Numbers are good, progress is good, problems are being addressed.
First, the news about the patient whose heart was stopped for over an hour 2 weeks ago. Doctors were thinking of releasing Doug from the hospital after 48 hours--rare, as we understand it, after heart surgery. (He got a new aortic valve from a cow, plus a single bypass graft.) But when they found out about our remote location, they decided they'd better keep him another 24 hours since he would be so far from medical help should there be any complications. Though the first few days were rough when he got home June 7, he's been walking several times a day ever since. Pain is lessening, endurance is improving, walks are getting longer--but he's still weak and a long way from recovery. Today was his 1st post-hospital visit to his cardiologist, who said all is fine. He continues ahead of the recovery curve & will start a formal cardiac rehab program next week.
As for me--I was able to go ahead with chemotherapy this week despite a hemoglobin count that continues worryingly low from chemo's side effects. It was explained to me that the cumulative effects of chemo on red blood cell production are responsible for my extreme weariness & shortness of breath on the slightest exertion. Heart & lungs are in fine shape & there's no sign of internal bleeding; it's just the low blood cell production in the bone marrow. This is especially a problem because now that Doug can't do it, I have to walk our 2 high-energy, exercise-craving dogs a couple of miles every a.m. Today I could barely make it for our regular 2-mile dawn walk. When I complained to the PA about these problems, she said, "You know you can hire people to do your dog-walking." Ha! We probably live 30 mi from the nearest dog-walker. "And," she said, "when you feel short of breath, you just need to give your dogs a little tug on their choke collars so they'll wait for you." I'd like to see her try something like that with Eve & Reba. They are so fast & so strong, even a completely healthy Doug can't control them physically. Luckily they're pretty good at responding to commands, & Doug expects to be able to take over walking them very soon. And what a joy they are in our lives.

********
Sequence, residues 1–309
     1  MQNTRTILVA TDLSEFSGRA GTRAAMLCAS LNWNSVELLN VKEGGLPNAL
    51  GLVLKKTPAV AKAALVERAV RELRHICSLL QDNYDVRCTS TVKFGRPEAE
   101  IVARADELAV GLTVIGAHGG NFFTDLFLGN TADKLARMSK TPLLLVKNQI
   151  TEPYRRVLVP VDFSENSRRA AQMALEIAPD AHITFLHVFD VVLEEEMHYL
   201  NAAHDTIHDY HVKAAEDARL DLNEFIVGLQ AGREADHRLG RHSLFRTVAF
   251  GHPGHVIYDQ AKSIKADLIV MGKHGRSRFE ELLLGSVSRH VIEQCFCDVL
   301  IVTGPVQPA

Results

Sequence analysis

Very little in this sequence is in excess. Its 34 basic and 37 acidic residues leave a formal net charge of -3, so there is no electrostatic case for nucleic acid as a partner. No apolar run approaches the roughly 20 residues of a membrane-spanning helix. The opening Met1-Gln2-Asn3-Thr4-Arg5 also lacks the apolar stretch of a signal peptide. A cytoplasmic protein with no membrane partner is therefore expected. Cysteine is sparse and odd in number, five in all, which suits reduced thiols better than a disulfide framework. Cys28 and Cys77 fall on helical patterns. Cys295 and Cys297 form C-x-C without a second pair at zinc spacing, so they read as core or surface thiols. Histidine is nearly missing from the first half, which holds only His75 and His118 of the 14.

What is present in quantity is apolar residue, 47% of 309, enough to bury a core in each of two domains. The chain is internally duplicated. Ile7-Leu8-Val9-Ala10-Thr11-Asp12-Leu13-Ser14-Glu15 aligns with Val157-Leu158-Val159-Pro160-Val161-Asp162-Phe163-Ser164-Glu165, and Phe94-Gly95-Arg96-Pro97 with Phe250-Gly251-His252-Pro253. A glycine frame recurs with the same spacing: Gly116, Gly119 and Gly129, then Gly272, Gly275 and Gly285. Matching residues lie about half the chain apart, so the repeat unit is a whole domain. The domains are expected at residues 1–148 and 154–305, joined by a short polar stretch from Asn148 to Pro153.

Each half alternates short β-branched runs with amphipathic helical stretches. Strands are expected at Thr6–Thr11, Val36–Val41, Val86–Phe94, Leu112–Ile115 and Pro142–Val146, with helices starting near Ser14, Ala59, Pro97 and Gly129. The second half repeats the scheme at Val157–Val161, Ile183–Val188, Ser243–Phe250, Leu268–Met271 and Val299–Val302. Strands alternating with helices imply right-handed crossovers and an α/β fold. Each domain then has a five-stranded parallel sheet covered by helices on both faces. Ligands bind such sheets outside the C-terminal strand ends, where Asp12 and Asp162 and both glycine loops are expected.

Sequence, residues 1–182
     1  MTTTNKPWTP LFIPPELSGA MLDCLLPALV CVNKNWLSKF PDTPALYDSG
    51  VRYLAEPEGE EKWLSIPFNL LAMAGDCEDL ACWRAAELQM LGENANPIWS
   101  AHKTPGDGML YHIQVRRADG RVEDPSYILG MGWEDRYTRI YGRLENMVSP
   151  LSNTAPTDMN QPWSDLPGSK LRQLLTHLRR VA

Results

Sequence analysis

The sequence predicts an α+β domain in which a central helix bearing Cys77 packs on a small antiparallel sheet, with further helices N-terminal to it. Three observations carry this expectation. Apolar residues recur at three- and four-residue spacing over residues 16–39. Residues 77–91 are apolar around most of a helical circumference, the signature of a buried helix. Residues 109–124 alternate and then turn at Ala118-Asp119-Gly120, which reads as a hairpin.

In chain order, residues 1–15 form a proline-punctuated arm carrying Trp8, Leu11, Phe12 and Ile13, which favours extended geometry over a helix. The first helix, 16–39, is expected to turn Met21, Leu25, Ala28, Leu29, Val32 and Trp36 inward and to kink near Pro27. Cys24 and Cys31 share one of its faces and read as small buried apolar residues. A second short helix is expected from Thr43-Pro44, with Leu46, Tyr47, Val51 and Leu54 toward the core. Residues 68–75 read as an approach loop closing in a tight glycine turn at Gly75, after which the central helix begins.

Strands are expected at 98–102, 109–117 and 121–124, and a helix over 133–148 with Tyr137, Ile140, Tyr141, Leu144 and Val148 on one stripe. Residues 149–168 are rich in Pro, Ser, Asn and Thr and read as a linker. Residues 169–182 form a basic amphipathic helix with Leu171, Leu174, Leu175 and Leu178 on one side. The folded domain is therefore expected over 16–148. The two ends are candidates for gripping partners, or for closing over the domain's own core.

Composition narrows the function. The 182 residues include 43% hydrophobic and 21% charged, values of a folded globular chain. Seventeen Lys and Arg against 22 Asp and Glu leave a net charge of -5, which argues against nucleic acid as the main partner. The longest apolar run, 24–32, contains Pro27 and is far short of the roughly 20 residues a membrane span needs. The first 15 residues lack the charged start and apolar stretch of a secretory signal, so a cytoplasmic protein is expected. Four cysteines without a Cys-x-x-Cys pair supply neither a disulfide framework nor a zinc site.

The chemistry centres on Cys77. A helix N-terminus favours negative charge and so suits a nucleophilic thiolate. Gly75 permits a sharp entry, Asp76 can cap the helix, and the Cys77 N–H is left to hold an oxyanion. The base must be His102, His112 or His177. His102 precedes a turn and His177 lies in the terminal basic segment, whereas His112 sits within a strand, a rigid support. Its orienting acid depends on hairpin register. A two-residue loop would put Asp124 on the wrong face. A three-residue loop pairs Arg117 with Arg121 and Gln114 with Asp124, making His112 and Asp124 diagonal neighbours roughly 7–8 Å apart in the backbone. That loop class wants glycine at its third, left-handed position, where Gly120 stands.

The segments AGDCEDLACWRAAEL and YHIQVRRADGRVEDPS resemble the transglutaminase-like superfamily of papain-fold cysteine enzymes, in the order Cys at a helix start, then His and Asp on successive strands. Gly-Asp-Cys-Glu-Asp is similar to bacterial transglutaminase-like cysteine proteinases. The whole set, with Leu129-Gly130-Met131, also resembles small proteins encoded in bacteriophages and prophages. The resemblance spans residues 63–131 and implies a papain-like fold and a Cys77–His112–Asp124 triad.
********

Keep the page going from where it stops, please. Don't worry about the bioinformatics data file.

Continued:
So to attack the problem of low hemoglobin, for the 1st time in nearly 2 years I again got Aranesp® this week. This is of course in addition to the shot of Neulasta® for white blood cell production a day or so after each chemo infusion. (BTW, that pricey shot has gone from $8,000 a dose to $11,000--plus the thousands of $$$, of course, for the other chemo drugs. Thank goodness, again, for good insurance.)
The good news: the all-important benchmark—the latest CA125 tumor marker number—continues downwards, though not to normal yet as I had hoped. The oncologist’s office called & left a message Wednesday with the number. It sounded to us like the number was 62, but when I returned for my Neulasta shot I found out it’s in fact 52—down from 74 last time it was measured.
TMI? Sorry! Thanks once more for all your good wishes.